Thursday, 29 December 2016

Study tracks trillions of insects migrating in the UK

December 23, 2016

by Chuck Bednar

After a decade’s worth of effort, an international team of researchers has for the first time been able to track the swarms of migratory insects that soar above the skies of southern England each year, according to a new study published online Friday by the journal Science.

What they found was that approximately 3.5 trillion bugs and butterflies migrate annual above the region, and that together they comprise 3,200 tons of biomass – seven times greater than the mass of songbirds that travel from the UK to Africa each year, and equal to some 20,000 flying reindeer, scientists from the University of Exeter and Rothamsted Research reported. According to BBC News, the researchers counted the swarms of insects using a combination of vertical radar and balloon-mounted insect nets. They calculated the numbers of insects that flew at altitudes of 150 and 1,200 meters, both during the day and at night, for a total of 10 years.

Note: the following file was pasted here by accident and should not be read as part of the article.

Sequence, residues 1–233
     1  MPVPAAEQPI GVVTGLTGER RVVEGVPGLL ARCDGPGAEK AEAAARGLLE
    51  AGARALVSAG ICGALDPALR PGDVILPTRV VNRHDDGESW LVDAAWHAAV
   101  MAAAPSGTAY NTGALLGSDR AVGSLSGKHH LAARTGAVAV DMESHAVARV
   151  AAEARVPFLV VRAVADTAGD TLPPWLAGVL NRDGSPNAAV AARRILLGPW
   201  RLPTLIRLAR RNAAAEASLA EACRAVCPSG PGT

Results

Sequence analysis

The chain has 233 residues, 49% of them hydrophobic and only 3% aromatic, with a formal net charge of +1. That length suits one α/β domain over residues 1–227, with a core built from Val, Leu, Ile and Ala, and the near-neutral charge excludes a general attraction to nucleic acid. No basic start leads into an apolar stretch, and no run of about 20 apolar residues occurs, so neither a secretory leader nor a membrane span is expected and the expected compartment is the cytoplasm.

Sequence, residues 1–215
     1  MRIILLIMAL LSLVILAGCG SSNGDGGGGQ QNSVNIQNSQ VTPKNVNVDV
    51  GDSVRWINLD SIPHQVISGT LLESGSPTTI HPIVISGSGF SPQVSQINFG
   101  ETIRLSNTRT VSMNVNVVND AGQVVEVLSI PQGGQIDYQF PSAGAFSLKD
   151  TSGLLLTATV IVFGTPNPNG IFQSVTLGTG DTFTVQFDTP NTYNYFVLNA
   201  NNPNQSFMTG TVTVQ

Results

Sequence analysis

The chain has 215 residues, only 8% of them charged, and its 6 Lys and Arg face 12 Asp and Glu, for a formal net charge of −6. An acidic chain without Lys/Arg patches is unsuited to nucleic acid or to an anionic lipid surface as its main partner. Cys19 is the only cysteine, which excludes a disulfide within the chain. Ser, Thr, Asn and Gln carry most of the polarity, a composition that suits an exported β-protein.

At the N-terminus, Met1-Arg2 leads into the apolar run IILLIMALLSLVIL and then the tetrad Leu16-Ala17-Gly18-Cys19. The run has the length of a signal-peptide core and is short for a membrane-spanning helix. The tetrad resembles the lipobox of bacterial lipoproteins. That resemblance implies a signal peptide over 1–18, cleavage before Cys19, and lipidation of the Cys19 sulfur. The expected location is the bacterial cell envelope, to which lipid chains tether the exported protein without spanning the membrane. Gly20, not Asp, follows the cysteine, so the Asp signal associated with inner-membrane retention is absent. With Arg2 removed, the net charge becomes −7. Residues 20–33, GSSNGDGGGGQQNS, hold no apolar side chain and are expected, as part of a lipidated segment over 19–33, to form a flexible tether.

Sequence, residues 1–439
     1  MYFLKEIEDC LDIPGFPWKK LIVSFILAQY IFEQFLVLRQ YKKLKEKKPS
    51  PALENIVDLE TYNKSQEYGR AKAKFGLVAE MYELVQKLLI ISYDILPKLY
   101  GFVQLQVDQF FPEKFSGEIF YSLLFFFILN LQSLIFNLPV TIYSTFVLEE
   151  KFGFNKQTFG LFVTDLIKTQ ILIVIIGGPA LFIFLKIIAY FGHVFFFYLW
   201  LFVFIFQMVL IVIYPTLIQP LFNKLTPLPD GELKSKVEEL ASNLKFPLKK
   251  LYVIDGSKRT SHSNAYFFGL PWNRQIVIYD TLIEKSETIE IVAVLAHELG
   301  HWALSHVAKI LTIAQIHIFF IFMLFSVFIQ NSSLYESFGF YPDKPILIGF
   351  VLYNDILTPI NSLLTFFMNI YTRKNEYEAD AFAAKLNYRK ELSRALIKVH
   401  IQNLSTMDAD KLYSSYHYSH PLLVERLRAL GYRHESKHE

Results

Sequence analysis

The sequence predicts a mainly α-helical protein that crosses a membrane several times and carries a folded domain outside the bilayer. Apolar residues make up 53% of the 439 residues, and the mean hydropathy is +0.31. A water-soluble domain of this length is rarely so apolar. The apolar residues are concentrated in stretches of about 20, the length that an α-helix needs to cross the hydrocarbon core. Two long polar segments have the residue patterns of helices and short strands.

“Insect bodies are rich in nutrients and the importance of these movements is underappreciated,” co-author Dr. Jason Chapman from the Centre for Ecology and Conservation at the University of Exeter's Cornwall-based Penryn Campus explained in a statement. “If the densities observed over southern UK are extrapolated to the airspace above all continental landmasses, high-altitude insect migration represents the most important annual animal movement in ecosystems on land.”

No comments:

Post a Comment

You only need to enter your comment once! Comments will appear once they have been moderated. This is so as to stop the would-be comedian who has been spamming the comments here with inane and often offensive remarks. You know who you are!

Related Posts with Thumbnails